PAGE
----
Rafael Nadal insists he has no regrets over any decisions he made in 2017 regarding his calendar, despite the latest knee injury that forced him to withdraw from the ATP Finals on Monday.
The 31-year-old Spaniard has had a tremendous season, where he returned to No. 1 in the world for the first time in three years and won two Grand Slam titles, including a record 10th Roland Garros.
Nadal’s knee had been bothering for the last few weeks, and he withdrew ahead of his Paris Masters quarter-finals earlier this month, after he secured the year-end No. 1 ranking with his opening round victory in the French capital.
Members of his team were against Nadal competing at the ATP Finals in London – an event he missed multiple times in the past due to injury – but the top seed insisted he would at least try to compete at the season finale.
He was clearly in pain throughout his opener against Goffin and many questioned whether he put himself through that out of obligation to the tournament.
“Nobody put a gun to my head to come and play. I do what I personally feel inside and not because someone forced me to do this,” Nadal said after the match.
“A week ago, it was on the table to put an end to the season, and part of my team wanted that. It was my decision to be here.
“Sometimes things go well and sometimes they don’t. You have to accept both with a good attitude.”
Nadal contested 18 tournaments this season (including the ATP Finals), and ends the year with 67 wins from 78 matches. He also played the Laver Cup in September and the Abu Dhabi exhibition end of December 2016, but neither are official tour events.
Roger Federer in comparison has played just 54 matches (as of the morning of Tuesday November 14) across 12 tournaments (plus the non-official Hopman Cup in Perth in January, and Laver Cup).
The Swiss world No. 2 has scaled back on his events schedule this year to make sure he remains healthy as he continues to dominate the sport at 36 years of age.
Nadal refuses to make any comparisons with other players and is sticking by his own philosophy when choosing the events he wishes to compete in.
But as he ends another year with an injury, is he tempted to rethink his calendar to make sure he’s fit at the closing of the season?
“At the end of the day, everyone does their own calendar and all calendars can be valid or not depending on how you’re playing tennis,” said Nadal.
“The calendar is shaped by your tennis and your results. I don’t regret a single decision I have made all year.
“I had adequate rest. I played Brisbane, the only 250 I’ve played, I played Acapulco, I played Barcelona and I played Beijing. Those are the four tournaments I played outside the mandatory ones and I was competitive in all of them. I’m 31 not 36,” he added, referring to Federer.
“My career is mine, and his is his. My body, my mind and my tennis decides my calendar.”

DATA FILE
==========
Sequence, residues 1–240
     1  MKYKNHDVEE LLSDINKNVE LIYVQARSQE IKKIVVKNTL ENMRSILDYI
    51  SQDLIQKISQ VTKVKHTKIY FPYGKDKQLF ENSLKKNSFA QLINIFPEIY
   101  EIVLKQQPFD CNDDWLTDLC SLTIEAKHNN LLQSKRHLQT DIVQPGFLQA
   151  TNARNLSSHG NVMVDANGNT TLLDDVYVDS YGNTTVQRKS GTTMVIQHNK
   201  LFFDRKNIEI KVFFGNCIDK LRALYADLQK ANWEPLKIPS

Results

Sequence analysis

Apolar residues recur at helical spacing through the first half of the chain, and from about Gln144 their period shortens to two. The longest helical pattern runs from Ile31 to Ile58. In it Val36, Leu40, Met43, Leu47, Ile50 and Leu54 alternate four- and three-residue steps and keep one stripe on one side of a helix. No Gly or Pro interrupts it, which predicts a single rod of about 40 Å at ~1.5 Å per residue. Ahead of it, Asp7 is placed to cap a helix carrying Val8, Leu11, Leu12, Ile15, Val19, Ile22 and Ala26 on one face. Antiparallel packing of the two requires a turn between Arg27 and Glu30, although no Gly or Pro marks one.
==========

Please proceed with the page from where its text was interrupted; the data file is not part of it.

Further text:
Nadal will now take a well-deserved rest and is scheduled to return to action at the Mubadala World Tennis Championship in Abu Dhabi from December 28-30, 2017.
It is a familiar scenario Rafael Nadal knows all too well. He knows the pain, the disappointment, the surrender to circumstances that are out of his control, the right words to describe it all and the positive attitude to face it head on.
So when the world No. 1 addressed a packed interview room at the O2 Arena in London to announce he was withdrawing from the ATP Finals, it came as no surprise that Nadal was eloquent in his delivery and knew exactly what to say.
After battling through three gruelling sets, while suffering some serious pain in his injured right knee, before losing to David Goffin 7-6(5), 6-7(4), 6-4 in their ATP Finals opener on Monday, Nadal conceded that enough was enough.
“My season is finished. Yeah, I had the commitment with the event, with the city, with myself. I tried hard. I did the thing that I had to do to try to be ready to play,” said Nadal, who was carrying a knee injury that forced him to pull out of the Paris Masters less than two weeks ago.
“It’s about the pain. I cannot hold with enough power to keep playing. I tried, but seriously it was a miracle to be very close in the score during the match. It really don’t make sense.”
Injury has kept Nadal out of many tournaments he wished he’d competed in. It forced him about of Olympic Games, Grand Slams, as well as multiple ATP Finals.
By now, he is an expert in accepting the reality of his body’s shortcomings.
“That’s how it works, my career, at the same time. I can’t complain,” he simply states.
“I feel very lucky about all the things that are happening to me. But on the other hand, is true that I am probably the top player that had more injuries and more troubles in the careers of everyone, no?
“Is always about this challenge. But I am used to this and I know what I have to do. I think I am ready to do it.”
Nadal knew during the match that he would never finish this tournament in London. Yet somehow he saved four match points in the second set, forced a decider, and even got one of two breaks back in that third set before he lost.